Thursday, September 18, 2014

The Golem of Hollywood

Jesse Kellerman, Jonathan Kellerman
The Golem of Hollywood

Putnam, 2014

LAPD Detective Jacob Lev wakes up after a rough night in his apartment with a woman he sees for the first time. She calls herself Mai, goes to take a shower, and then mysteriously disappears. The same day, on Jacob’s doorstep appear two men in suits, Paul and Mel, from the Special Projects department and tell Jacob that he is temporarily transferred to their department, to help with the investigation of a murder. For some time before these events, Jacob, after seven years in homicide, asks his boss to transfer him to a desk job due to depression, and the boss moves Lev to Traffic to work with statistics.

«For most of his adult life, he’d been a high-functioning alcoholic, although sometimes functioning was the operative word, and sometimes it was high. Since his transfer to Traffic, he hadn’t been drinking as much—he hadn’t needed to—and it bothered him that he’d blacked out last night.
Now that he was back in Homicide, he supposed he was entitled.»

Paul and Mel bring Lev to a house in one of the remote areas of Los Angeles. There have been found severed head of a man, a package with vomit and a few words in Hebrew carved in the table’s wood. Woman detective of Indian origin Divya Das at the crime scene explains to Jacob the situation. The body has not been found at the site, there are no signs of a struggle, too, and no other clues. Head of Special Projects (which Jacob has never heard of) Mallick says that Jacob is in charge of the the murder investigation because of his Jewish origin.

After an unsuccessful previous novel Jesse Kellerman, this time in tandem with his more famous father, shoots the bull's eye. The Golem of Hollywood’s genre can be defined as a Jewish novel about a serial killer, but it is better not to define it in any way. It does not fit in any genre framework, although composed of the elements of police procedural, serial killer novel and Biblical apocrypha. A good novel about a serial killer is very hard to write, it is very few people who can do it. The very definition of a serial killer novel has become clichéd. Kellerman Jr. until this book avoided genre conventions, while Kellerman Sr. did quite the opposite – he wrote quite a lot of genre books, unashamedly put them in series, where the number of volumes surpasses two dozens, perhaps. And reading this novel, you guess all the time what parts elements of the book the son wrote, and what the father. I have read, only one Jonathan’s book, but all but one of Jesse’s, so I will not be a good judge, though to me this novel’s style was very Kellerman Jr.-ish. Here we have Jesse’s witty dialogues and his nimble prose. The protagonist Lev here is also the heir to protagonists of Jesse’s previous books, he’s again a strange loner, confused and sometimes funny. Jesse’s father apparently came up with a serial killer plot, police procedural parts and Jewish topic, and theme of fathers and sons was close to both Kellermans.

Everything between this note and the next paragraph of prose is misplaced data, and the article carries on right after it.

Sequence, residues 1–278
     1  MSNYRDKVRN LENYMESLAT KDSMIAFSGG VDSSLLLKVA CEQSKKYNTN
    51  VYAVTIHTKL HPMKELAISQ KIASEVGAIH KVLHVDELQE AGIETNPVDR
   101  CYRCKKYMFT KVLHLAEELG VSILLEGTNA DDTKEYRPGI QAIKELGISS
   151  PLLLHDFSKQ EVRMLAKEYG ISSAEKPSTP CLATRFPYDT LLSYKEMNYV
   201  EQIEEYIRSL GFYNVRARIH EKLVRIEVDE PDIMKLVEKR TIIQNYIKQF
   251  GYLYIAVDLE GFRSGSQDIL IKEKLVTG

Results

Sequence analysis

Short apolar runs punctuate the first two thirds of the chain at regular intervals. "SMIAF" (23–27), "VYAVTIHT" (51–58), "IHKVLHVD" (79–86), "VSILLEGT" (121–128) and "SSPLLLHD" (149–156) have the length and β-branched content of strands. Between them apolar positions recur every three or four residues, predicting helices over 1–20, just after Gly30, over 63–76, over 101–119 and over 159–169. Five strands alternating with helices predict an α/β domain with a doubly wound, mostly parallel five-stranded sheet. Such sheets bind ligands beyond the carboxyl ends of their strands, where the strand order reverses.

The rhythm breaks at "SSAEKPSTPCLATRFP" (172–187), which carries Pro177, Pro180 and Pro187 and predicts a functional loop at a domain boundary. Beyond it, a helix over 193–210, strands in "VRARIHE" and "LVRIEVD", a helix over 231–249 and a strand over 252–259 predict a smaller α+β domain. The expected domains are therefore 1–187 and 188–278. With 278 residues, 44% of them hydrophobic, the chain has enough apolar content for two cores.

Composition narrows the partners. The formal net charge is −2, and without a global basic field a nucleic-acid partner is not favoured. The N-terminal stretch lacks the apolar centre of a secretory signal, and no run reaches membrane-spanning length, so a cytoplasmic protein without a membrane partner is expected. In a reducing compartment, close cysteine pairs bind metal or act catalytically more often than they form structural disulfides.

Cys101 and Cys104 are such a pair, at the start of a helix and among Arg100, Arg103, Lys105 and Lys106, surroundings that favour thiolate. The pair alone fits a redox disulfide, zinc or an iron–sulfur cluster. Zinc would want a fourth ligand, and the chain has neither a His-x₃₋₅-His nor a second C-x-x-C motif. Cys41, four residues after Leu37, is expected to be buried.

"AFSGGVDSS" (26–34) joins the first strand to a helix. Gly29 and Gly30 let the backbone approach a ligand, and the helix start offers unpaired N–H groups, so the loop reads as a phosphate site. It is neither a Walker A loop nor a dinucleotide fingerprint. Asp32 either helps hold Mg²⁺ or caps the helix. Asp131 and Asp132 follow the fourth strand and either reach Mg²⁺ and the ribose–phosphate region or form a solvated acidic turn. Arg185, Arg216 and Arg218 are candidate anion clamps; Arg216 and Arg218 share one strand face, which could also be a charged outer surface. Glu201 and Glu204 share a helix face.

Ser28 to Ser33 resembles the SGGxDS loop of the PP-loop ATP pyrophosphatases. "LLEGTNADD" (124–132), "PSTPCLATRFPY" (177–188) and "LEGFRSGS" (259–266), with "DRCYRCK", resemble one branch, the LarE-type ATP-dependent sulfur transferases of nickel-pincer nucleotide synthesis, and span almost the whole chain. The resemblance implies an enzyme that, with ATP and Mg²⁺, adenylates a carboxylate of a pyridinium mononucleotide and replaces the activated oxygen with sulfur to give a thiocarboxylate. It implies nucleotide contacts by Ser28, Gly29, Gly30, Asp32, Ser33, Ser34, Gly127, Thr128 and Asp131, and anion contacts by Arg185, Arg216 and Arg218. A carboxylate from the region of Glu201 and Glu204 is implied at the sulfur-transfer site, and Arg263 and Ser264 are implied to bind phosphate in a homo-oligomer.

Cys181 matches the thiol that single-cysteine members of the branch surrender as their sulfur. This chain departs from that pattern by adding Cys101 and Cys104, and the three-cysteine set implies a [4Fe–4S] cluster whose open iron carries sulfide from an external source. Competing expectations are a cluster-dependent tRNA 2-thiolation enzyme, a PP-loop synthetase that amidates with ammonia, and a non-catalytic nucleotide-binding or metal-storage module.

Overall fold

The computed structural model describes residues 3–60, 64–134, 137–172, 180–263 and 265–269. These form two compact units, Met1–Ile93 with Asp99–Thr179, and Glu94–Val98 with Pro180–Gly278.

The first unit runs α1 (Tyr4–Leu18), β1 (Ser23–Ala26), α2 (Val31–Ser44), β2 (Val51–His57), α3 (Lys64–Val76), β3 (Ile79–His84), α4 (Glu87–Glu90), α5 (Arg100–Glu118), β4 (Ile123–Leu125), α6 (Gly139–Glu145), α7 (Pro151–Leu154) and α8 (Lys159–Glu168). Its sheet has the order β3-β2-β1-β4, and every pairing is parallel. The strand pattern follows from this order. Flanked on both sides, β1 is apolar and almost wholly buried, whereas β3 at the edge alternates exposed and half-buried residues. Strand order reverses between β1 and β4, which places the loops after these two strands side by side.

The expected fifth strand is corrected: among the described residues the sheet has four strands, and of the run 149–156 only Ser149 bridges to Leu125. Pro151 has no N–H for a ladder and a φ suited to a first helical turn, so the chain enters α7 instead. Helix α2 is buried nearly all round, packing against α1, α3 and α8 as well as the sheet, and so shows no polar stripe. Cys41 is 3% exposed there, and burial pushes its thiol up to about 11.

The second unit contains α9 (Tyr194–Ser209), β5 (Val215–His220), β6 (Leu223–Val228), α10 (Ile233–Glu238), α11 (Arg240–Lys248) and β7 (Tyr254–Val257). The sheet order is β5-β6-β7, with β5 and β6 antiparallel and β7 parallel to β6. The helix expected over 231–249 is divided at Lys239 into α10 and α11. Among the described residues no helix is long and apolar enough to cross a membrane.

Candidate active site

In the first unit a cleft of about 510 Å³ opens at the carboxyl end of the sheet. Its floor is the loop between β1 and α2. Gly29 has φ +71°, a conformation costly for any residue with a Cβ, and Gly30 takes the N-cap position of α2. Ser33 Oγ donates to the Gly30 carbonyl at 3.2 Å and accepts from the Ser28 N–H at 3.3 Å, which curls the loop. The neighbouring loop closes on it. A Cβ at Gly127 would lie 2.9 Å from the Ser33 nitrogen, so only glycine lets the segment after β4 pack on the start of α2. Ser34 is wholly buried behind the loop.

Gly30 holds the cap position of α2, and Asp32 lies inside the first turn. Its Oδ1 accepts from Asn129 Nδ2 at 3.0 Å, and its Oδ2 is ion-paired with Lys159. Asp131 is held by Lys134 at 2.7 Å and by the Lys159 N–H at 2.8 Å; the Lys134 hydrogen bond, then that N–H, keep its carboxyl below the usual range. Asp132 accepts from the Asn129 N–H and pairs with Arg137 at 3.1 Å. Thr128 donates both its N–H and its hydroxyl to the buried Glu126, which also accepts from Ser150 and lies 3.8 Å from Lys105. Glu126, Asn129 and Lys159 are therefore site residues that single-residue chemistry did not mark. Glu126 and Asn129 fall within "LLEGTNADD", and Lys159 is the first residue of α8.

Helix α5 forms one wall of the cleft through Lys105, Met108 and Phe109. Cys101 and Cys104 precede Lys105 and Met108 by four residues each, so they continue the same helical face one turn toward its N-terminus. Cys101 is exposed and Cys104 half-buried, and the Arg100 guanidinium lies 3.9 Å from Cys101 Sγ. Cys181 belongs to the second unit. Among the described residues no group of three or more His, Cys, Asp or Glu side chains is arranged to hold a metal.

Main plotline, the police investigation itself, is very intense and very reliable as far as possible considering the supernatural elements. The novel is written in the tradition of Michael Connelly, who also wrote (and writes) deep police procedurals set in Los Angeles. Detective Jacob Lev can be a geek or a daddy's boy, a man with complexes or an alcoholic, but he knows his business. All answers here are not taken from the air, only hard work brings results. Leo uses his head and his legs.

The plot is complicated to the extent. It is not simple, but the simplicity only harms books as this one. And if the novel didn’t have the Jewish line, the novel would already be outstanding. Jewish storyline, apocryphal, is mystical and pretty confusing, not everyone will understand it fully. It helps to understand the events taking place in the present, helping to find answers, but does not give clear answers. As a non-religious person, I was lost in the twists and turns of the Jewish line, and not only lost, but did not understand it.

And this lack of understanding is the understanding itself - understanding of the novel as a whole. «The Golem of Hollywood» deserves comparison with the two other novels, written by Russian writers. These novels are Master and Margarita by Bulgakov and Faculty of unnecessary things by Yuri Dombrowski. In both of these books the main plot line takes place in the present, but there is also a secondary line - the Biblical one. In these books, I did not fully understand the biblical line, but that did not stop to highly praise the contemporary line. The same situation is also with this book: the main line is so good that you can judge the novel considering only this modern part. (However, it is worth noting that the endings in both Master and Faculty are more powerful than "Golem"’s, although I do not think that stylistically Kellerman is weaker than Bulgakov and Dombrowski.) Biblical line gives the depth to the main line, and the entire book makes it something than was never written before.

In this novel, Jesse Kellerman first stepped on the genre territory, but all signs of the genre have been turned on its head. Superb.

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